Mercy me. The wrong people are getting damned here.
It’s the peculiar opinion of any Proselytizing Religion that those who disbelieve are damned.
Wouldn’t vice versa make more sense?
If an evangelist for a Proselytizing Religion is incapable of convincing someone of the truth of his religion, shouldn’t the evangelist be the one who gets damned?
Damned for what?
Damned for being un-persuasive, damned for being un-convincing, damned for being un-impressive, damned for being in-effective.
If a Proselytizing Religion possesses a message that is true, then the messenger is at fault when he fails to persuade, because an apodictic message, offered from a capable speaker, is obviously true and beyond dispute and compels assent as soon as it’s heard.
So it is the speaker not the un-convinced hearer of the message who should bear any punishment attending the encounter.
The hearer is in no way blameworthy for an act of dissent. No one incurs a duty of assent unless a message is obviously true. If a message is obviously true, then dissent suggests the moral crime or intellectual crime of obstinacy, or moral or intellectual ineptitude.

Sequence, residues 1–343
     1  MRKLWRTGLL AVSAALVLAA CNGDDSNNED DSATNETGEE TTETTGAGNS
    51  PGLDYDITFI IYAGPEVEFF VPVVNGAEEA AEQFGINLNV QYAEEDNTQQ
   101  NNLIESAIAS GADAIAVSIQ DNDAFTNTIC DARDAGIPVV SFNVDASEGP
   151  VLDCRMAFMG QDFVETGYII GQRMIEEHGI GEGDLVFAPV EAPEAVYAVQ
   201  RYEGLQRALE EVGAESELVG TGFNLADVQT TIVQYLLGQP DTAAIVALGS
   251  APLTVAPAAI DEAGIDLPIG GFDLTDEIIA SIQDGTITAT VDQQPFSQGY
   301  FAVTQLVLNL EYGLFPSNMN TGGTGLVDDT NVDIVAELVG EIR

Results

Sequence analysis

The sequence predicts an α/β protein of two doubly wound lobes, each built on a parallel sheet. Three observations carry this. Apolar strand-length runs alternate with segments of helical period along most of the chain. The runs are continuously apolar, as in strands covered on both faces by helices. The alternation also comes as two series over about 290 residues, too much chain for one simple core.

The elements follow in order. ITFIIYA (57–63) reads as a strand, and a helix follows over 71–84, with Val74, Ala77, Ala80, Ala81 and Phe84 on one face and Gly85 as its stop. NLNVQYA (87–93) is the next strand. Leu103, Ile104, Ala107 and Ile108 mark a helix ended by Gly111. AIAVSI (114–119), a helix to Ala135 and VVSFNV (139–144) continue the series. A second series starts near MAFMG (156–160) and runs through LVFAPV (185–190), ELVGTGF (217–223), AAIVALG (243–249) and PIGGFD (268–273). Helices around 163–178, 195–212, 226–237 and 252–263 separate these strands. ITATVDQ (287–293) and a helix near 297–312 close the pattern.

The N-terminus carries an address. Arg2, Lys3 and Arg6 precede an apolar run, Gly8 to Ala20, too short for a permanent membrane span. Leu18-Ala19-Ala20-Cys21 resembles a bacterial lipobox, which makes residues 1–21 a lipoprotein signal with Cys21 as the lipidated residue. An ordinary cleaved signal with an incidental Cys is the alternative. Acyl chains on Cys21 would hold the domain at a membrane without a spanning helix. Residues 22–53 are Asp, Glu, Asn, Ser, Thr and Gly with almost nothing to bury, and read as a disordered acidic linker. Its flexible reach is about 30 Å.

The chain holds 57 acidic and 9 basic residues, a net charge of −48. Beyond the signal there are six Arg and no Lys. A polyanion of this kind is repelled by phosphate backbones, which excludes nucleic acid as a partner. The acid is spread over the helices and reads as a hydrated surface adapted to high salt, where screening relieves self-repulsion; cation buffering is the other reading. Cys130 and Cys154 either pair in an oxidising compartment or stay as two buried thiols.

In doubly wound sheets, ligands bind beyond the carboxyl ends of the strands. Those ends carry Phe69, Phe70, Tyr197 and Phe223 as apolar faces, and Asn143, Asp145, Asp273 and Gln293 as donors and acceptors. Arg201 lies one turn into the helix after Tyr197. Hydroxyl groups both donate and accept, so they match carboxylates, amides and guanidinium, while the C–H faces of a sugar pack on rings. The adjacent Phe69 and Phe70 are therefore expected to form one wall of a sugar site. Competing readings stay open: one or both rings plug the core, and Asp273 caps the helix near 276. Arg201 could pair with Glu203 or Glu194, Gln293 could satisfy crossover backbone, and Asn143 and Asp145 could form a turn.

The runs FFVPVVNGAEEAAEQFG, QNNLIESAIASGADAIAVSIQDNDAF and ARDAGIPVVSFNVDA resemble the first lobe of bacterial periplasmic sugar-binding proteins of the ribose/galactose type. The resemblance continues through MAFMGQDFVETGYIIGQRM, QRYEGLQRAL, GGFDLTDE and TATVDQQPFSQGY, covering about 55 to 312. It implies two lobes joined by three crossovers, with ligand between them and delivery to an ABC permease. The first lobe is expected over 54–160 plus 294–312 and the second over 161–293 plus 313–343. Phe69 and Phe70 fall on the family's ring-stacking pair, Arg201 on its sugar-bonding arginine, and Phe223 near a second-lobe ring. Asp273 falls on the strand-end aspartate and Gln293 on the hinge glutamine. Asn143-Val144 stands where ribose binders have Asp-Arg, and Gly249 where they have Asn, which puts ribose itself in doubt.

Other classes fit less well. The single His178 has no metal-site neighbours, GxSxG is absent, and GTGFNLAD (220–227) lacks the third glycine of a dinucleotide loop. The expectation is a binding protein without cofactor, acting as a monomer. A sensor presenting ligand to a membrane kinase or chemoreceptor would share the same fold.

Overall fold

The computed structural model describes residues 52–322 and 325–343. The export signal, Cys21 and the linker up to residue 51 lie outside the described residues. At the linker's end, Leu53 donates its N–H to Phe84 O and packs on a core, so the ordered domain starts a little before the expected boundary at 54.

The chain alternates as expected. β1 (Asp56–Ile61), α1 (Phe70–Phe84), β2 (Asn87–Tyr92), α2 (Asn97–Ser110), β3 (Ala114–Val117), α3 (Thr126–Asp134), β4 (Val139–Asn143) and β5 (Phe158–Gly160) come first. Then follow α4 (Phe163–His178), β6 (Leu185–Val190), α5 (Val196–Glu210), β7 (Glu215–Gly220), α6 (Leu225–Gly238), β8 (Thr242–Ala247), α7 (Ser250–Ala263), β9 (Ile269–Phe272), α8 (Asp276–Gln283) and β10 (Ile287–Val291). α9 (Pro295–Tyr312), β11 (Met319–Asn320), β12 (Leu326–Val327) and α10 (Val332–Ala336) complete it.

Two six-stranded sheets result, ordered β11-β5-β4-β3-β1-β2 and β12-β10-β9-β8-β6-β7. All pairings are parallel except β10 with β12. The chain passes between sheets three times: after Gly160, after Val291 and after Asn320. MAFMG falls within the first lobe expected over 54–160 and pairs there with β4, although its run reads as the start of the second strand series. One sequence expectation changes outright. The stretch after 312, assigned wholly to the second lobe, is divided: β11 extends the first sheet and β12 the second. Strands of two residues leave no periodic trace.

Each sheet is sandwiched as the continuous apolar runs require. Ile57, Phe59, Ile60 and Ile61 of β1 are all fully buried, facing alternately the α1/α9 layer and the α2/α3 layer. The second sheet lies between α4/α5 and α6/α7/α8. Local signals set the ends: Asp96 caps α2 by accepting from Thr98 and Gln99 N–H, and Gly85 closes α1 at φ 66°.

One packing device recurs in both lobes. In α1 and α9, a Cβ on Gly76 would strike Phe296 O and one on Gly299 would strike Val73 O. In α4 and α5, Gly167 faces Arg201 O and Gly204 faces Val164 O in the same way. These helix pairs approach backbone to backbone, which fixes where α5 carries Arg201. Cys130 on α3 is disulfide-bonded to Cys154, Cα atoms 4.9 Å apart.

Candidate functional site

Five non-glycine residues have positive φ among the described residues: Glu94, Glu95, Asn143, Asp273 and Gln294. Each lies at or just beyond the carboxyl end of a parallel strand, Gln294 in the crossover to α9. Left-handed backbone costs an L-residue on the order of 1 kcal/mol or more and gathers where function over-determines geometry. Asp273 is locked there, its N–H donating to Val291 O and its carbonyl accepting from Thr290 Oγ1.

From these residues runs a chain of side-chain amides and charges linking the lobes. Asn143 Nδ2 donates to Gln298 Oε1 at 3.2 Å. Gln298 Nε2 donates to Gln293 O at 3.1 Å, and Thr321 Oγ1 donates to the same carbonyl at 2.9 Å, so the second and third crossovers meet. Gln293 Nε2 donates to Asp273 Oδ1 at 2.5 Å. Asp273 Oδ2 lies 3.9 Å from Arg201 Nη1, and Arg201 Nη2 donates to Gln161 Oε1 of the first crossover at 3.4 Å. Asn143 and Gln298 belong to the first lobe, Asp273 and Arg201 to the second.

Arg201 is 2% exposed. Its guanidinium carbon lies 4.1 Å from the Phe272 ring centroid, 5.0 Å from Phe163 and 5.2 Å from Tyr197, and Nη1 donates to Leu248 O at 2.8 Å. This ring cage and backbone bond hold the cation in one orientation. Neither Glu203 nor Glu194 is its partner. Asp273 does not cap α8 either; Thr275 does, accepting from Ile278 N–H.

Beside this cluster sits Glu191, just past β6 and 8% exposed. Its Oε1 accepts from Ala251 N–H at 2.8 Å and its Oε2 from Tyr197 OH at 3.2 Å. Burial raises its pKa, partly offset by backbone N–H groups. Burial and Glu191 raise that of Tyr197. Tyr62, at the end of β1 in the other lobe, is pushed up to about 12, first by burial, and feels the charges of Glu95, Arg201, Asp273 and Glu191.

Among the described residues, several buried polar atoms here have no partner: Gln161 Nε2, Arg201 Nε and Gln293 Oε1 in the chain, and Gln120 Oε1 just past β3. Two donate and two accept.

In the case of religious messages, there are too many competent reasoners (millions of them) who dissent to all Proselytizing Religions, indicating that the messages of all Proselytizing Religions are not obvious, not compelling, not beyond dispute, not apodictic.
Had it always been understood that the evangelist and not the hearer of the evangelist’s message is the one risking damnation, the world would surely have far fewer evangelists.
The risks of damnation would be too high for the would-be evangelist. The would-be evangelist would wisely choose a less perilous occupation.
In the Great Commission in chapter 28 of the gospel of Matthew, Jesus directs his students to preach his message. Jesus might very well have included the following warning to his students:
‘And if you fail to convince, it’s on you.’
Featured image ‘Street Preacher’ by MissTessmacher via Flickr